Sure, a foursome of mutant turtles, a large rat, and a warthog/rhino criminal tag team are easy. But creating Krang, the disembodied brain from Dimension X? That was pretty difficult, if only because he’s a character that doesn’t really have a real life counterpart to use as a model. Out of every effect and creature that Teenage Mutant Ninja Turtles: Out of the Shadows could conjure onto the big screen, one was head and shoulders above all the others in its difficulty.
Brad Fuller said about as much during his interview with Screen Rant, as the Teenage Mutant Ninja Turtles: Out of the Shadows producer ran down the factors that made Krang such a difficult character to bring to life.
How do you bring a brain like that to life? I mean how do you do it? What does that look like and what does that sound like? And how does he move? We figured out how the turtles move, and Bebop and Rocksteady. You know, you can kind of extrapolate if 6’6″ talking turtles were walking this way, this is what these guys would look like. And Casey Jones and Baxter Stockman, OK, I can do all that. But then when you just [put] a brain into it and try and figure out what that’s going to be like, that was very intense.
Fuller’s not the only person who had specific guidelines and concerns with the design of Krang in Teenage Mutant Ninja Turtles: Out of the Shadows. As you’ll remember, it wasn’t that long ago that producer Michael Bay and visual-effects supervisor Pablo Helman were discussing how Krang should look on the big screen, detailing how the tentacles of his cartoon visage wouldn’t fly with a CGI character inhabiting a live-action film. Which, of course, is probably part of the reason that the character has not been completely revealed in advertisements for the film. The other reason would be that, naturally, Krang is one of those elements you hold for the final film, as a treat for the true fans.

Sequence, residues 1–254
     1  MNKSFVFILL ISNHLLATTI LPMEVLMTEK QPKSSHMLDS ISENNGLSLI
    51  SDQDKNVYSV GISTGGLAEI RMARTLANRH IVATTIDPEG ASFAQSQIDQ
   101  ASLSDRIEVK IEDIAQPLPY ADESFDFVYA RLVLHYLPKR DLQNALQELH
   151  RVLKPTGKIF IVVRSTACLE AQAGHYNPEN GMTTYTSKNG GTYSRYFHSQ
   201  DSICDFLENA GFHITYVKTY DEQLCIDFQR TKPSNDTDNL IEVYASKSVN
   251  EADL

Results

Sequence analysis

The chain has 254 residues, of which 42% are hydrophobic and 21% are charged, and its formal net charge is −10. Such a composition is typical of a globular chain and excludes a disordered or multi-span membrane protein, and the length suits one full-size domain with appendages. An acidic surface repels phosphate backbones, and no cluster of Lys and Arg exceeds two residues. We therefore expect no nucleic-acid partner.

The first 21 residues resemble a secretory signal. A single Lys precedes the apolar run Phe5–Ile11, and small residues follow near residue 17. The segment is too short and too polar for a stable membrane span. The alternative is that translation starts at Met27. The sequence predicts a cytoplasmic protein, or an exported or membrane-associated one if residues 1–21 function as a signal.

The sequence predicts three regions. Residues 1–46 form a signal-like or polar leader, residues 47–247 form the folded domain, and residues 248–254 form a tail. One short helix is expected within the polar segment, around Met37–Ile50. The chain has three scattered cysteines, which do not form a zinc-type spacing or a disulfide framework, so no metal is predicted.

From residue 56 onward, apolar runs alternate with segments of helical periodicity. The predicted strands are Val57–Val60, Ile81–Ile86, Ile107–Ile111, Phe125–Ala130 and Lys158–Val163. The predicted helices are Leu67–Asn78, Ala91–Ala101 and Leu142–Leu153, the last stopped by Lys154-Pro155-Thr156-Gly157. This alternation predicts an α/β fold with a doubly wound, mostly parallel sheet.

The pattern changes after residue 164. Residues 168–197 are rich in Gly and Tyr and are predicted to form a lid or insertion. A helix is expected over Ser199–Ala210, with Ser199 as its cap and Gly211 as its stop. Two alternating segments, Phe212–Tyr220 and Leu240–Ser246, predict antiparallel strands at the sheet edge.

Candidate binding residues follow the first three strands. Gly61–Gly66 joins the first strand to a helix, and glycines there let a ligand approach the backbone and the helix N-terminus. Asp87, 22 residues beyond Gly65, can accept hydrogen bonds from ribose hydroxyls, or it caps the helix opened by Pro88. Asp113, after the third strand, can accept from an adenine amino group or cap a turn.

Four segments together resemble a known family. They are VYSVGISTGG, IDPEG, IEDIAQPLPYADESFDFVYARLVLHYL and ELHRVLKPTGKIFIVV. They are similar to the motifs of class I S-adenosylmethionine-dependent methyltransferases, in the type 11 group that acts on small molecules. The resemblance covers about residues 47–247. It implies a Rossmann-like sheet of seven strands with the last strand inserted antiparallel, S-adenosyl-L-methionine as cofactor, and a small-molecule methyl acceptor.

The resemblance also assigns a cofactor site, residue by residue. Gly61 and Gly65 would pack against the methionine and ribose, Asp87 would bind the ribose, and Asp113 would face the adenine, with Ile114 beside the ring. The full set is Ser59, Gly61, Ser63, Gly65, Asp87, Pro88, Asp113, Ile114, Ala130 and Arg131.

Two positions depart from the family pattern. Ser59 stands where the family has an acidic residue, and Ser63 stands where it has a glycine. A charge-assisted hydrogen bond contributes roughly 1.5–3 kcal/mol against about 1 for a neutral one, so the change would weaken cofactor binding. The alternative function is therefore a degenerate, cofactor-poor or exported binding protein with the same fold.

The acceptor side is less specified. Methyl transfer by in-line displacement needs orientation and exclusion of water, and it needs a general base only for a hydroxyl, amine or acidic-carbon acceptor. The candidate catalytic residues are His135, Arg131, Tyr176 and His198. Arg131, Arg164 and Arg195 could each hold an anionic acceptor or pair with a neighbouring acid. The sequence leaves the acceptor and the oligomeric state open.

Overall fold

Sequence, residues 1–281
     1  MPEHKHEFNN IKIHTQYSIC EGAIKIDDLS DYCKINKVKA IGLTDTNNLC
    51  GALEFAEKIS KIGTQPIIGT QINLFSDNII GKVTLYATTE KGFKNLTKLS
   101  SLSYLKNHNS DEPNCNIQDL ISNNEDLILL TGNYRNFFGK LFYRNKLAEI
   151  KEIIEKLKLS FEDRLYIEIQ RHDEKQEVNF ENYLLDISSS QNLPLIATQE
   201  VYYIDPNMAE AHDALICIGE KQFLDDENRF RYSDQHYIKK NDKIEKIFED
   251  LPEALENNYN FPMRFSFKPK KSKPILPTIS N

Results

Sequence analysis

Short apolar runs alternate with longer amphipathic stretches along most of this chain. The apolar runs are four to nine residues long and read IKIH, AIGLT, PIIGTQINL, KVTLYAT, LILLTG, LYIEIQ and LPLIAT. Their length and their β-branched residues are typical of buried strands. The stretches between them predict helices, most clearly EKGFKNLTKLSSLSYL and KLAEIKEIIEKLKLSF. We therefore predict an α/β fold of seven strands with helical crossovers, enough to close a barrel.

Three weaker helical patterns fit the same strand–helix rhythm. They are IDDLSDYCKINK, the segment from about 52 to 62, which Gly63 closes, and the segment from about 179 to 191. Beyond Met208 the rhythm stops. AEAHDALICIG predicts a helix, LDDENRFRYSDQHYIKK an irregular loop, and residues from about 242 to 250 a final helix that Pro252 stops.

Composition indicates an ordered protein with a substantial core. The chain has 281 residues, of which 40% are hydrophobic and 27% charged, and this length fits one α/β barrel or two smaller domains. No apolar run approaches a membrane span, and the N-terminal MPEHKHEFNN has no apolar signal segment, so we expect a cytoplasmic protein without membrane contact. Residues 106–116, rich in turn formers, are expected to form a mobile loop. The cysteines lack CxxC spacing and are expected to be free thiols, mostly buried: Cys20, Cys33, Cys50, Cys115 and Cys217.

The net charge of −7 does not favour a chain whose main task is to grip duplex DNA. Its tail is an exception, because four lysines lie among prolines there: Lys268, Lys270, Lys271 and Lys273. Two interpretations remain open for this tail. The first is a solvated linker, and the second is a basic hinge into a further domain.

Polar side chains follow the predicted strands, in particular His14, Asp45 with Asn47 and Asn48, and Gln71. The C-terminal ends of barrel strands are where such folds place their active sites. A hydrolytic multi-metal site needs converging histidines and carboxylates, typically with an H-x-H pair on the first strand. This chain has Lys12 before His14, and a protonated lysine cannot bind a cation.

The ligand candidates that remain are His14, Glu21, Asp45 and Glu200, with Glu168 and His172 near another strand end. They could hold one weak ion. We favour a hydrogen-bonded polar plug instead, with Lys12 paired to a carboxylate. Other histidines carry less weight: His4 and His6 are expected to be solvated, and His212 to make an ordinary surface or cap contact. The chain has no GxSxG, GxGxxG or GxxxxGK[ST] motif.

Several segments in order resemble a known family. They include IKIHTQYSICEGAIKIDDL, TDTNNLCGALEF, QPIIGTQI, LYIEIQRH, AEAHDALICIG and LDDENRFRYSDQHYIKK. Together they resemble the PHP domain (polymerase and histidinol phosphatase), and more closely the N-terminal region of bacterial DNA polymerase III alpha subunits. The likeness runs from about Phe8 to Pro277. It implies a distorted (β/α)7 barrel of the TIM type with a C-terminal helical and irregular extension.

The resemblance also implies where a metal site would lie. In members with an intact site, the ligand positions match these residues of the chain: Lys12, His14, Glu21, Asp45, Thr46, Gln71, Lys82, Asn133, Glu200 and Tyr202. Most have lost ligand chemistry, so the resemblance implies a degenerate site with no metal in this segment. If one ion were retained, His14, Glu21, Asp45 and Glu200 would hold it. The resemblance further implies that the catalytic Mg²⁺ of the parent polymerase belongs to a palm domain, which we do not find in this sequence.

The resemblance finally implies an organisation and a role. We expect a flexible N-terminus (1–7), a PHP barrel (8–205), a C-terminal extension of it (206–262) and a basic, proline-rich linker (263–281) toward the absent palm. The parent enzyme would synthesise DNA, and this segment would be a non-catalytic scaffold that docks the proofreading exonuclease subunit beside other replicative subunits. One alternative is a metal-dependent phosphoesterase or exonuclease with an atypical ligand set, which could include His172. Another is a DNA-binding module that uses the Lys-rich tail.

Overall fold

But even true fans going back to the 1990’s cartoon series would have to admit, adapting that original design for Krang would be extremely weird, especially in the world that the Michael Bay produced Teenage Mutant Ninja Turtles plays around in. So while there are certain concessions that the artists would make to tip their hats towards the cartoon variant of Krang, they need to make sure that it doesn’t topple into a fully unbelievable character that no one will take seriously.
From the limited look we’ve been given in the trailers released for the film, it looks like the most serious selling point of Krang’s character design would be the mock cyborg shell that he rides around in, as the technology fits with the aesthetic design of the world, while at the same time conveying the dead faced nature of Krang’s original body. Take a look at this year’s Super Bowl trailer below for a look at what we’re talking about.
Overall, Krang’s design is fantastical enough to fit in with the sci-fi bent of the film, but at the same time it has that familiar feel that takes you right back to your childhood. At least, it looks like it has the potential to be that balanced, and you can see, and hear, the Krang of our modern age for yourself when you go see Teenage Mutant Ninja Turtles: Out of the Shadows, as it opens in theaters today.